And the peasants, previously the poorest people in the world, would make less money.

    Not that you care about the poorest people in the world. They've probably got the wrong skin color or speak the wrong language or were born in the wrong place for you to care about them.

  • ||

    What's with you Thacker? The Chinese aren't human. You know that.

    Only human beings have value. Specifically, American, loyal Democrat human beings.

  • Scruffy Nerfherder||

    Epic trolling

  • Suki||

    They manufacture in Communist China and get raves in the New York Times about it (both Apple and the Chicoms). Both are run by "the right people". DOES ANYTHING EVER SATISFY YOU PEOPLE?

  • Ted S.||

    I have to complain because H&R is a consistent browser memory hog to a much greater extent than almost any other website I can think of.

  • ||

    No western corporation moves operations to Third World countries for the purpose of bettering the lives of the peasantry there. They did it to profit from the low wages and lax standards.

    Sure, they don't do it for that purpose. However, they manage to achieve more bettering of the lives of the peasantry there than you and all your friends will ever do. In fact, your possibly high minded complaints will actively make those peasants worse off. To quote Adam Smith:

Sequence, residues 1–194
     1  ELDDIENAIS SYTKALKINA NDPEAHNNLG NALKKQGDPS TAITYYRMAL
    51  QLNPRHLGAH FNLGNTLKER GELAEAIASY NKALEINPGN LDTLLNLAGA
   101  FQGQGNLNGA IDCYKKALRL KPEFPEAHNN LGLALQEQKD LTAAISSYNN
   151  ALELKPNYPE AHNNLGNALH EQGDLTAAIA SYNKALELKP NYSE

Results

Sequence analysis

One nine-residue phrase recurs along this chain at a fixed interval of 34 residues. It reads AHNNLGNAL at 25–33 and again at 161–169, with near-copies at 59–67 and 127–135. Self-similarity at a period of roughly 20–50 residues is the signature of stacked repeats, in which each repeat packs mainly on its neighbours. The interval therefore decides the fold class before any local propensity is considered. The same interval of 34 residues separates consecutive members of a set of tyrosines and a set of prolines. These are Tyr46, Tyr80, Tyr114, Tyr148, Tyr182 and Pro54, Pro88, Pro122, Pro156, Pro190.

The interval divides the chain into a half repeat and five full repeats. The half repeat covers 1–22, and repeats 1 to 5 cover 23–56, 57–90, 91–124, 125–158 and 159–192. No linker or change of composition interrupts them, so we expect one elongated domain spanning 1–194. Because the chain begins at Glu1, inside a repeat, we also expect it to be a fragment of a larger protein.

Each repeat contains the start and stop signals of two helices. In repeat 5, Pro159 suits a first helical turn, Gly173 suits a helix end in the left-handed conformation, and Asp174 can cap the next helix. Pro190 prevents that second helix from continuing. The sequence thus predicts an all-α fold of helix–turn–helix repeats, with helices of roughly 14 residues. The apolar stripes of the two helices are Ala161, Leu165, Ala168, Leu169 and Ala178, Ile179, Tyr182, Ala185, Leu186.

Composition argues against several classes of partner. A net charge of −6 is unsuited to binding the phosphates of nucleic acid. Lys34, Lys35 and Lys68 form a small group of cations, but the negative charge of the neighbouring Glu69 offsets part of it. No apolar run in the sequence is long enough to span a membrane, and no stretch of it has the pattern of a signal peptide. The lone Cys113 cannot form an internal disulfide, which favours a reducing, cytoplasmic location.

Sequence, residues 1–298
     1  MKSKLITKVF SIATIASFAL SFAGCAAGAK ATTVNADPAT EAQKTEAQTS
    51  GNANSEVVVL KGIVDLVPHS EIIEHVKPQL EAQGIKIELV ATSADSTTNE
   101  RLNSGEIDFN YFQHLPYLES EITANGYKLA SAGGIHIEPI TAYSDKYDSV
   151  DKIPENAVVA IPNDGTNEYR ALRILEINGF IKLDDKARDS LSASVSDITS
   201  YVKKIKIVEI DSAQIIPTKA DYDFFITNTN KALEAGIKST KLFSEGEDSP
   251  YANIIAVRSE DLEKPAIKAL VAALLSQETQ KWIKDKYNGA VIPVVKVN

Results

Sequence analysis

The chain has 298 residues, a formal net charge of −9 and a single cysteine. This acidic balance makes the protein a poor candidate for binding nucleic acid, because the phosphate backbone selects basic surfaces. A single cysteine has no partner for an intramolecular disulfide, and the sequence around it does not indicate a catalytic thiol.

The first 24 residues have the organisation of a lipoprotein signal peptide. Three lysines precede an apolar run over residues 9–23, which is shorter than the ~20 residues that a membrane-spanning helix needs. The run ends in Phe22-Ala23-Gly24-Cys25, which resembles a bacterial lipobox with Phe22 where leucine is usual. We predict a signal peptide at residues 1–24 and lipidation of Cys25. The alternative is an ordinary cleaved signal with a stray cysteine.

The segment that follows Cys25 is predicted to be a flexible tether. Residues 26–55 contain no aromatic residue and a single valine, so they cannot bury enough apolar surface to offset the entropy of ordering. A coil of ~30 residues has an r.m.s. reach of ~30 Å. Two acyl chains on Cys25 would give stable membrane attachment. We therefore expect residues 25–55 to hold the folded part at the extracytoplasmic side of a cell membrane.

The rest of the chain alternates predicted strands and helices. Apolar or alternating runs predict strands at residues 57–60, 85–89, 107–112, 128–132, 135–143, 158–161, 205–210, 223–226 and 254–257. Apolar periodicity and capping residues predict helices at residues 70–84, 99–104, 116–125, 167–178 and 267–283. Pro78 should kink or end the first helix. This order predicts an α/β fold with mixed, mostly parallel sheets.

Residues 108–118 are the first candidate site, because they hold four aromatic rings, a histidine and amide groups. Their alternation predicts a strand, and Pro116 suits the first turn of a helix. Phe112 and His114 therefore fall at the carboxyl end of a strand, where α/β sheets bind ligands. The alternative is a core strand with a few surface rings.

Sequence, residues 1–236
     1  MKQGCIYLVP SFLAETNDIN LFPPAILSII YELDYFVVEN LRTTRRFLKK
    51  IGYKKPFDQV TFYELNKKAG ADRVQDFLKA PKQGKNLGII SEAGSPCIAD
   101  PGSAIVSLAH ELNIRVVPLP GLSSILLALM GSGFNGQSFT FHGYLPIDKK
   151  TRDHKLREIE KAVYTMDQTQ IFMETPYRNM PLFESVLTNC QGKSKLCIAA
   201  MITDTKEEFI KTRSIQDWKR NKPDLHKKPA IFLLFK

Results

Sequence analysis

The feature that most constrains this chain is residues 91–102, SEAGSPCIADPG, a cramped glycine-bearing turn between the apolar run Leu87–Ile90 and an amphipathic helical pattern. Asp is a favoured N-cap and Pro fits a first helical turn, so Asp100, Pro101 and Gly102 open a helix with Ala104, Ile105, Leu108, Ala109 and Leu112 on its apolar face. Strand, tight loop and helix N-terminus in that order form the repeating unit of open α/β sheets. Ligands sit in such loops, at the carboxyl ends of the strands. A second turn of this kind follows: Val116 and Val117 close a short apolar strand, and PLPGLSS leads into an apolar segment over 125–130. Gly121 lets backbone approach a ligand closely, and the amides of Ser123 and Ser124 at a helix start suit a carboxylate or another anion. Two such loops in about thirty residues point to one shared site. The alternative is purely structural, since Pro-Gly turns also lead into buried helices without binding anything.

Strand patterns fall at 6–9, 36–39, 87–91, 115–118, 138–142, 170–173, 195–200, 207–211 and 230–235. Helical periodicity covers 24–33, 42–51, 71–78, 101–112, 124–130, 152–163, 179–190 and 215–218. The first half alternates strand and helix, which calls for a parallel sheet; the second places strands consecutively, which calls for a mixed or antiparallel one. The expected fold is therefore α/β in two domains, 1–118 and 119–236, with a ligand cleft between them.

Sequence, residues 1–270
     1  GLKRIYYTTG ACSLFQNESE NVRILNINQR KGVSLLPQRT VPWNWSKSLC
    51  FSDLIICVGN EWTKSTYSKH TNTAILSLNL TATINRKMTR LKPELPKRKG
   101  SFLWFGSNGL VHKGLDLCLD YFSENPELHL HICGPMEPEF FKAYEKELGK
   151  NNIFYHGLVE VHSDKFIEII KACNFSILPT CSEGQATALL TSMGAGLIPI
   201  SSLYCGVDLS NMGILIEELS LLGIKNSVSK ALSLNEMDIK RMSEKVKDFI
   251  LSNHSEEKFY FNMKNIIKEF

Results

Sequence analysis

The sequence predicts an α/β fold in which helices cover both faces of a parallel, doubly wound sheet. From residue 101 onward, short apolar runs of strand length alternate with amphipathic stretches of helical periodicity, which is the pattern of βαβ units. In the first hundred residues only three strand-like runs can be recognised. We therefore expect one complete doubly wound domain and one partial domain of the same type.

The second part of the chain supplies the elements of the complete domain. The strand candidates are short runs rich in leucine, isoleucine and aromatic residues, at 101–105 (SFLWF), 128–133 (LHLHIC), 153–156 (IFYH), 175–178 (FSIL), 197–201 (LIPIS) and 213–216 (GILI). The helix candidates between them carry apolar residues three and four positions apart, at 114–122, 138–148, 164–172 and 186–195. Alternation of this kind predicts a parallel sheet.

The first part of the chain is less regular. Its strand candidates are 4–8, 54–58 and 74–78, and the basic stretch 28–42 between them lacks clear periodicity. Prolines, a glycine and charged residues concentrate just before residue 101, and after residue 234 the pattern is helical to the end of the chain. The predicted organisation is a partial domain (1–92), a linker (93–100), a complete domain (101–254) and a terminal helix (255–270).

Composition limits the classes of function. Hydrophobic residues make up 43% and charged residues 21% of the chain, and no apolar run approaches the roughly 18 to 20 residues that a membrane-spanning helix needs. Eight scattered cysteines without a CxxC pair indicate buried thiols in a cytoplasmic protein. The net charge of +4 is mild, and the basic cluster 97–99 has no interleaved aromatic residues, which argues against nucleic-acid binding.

"It is not from the benevolence of the butcher, the brewer, or the baker, that we expect our dinner, but from their regard to their own self-interest. We address ourselves, not to their humanity but to their self-love, and never talk to them of our own neccessities but of their advantages."
  • Suki||

    How can their lives possibly be bettered than the betterment Mao delivered?

  • The Left||

    50 million dead chinks. What's not to love.

  • Amakudari||

    No western corporation moves operations to Third World countries for the purpose of bettering the lives of the peasantry there.

    No company moves anything anywhere to better anyone's anything. They did it for lower labor and supply chain costs.

    And uh, pretty much all tech manufacturers are doing the same thing. Many of them at worse places. Apple's the most visible, but let's not pretend Dell, HP, Nokia, Sony, Microsoft, etc. don't contract with Foxconn (or often, lesser known and less scrutinized suppliers). The only way you could come to the conclusion that only one of the above is immoral by your standards is by taking the New York Times at face value.

  • Fernando||

    This situation is really the product of our instant gratification society. We prefer quantity over quality, and we go for the lowest price without any care as to where or how the products we buy are made. Unless we change our consumer culture, more of this is going to go on.